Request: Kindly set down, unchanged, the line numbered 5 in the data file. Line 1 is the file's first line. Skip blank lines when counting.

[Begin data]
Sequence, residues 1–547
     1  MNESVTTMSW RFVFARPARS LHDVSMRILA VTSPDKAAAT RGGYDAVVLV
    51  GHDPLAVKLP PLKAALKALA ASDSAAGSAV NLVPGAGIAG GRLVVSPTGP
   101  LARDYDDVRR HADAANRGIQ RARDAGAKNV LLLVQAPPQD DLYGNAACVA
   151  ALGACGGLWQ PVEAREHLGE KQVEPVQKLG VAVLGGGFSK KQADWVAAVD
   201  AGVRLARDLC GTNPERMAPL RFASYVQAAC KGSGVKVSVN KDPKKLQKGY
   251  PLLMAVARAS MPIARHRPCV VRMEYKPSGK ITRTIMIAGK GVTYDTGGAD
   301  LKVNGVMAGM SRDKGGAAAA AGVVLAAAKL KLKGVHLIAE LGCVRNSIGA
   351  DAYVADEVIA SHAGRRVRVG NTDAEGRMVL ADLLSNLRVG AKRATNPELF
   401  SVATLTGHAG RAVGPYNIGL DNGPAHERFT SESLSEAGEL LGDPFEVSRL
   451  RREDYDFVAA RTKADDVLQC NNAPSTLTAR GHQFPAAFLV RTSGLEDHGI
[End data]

   151  ALGACGGLWQ PVEAREHLGE KQVEPVQKLG VAVLGGGFSK KQADWVAAVD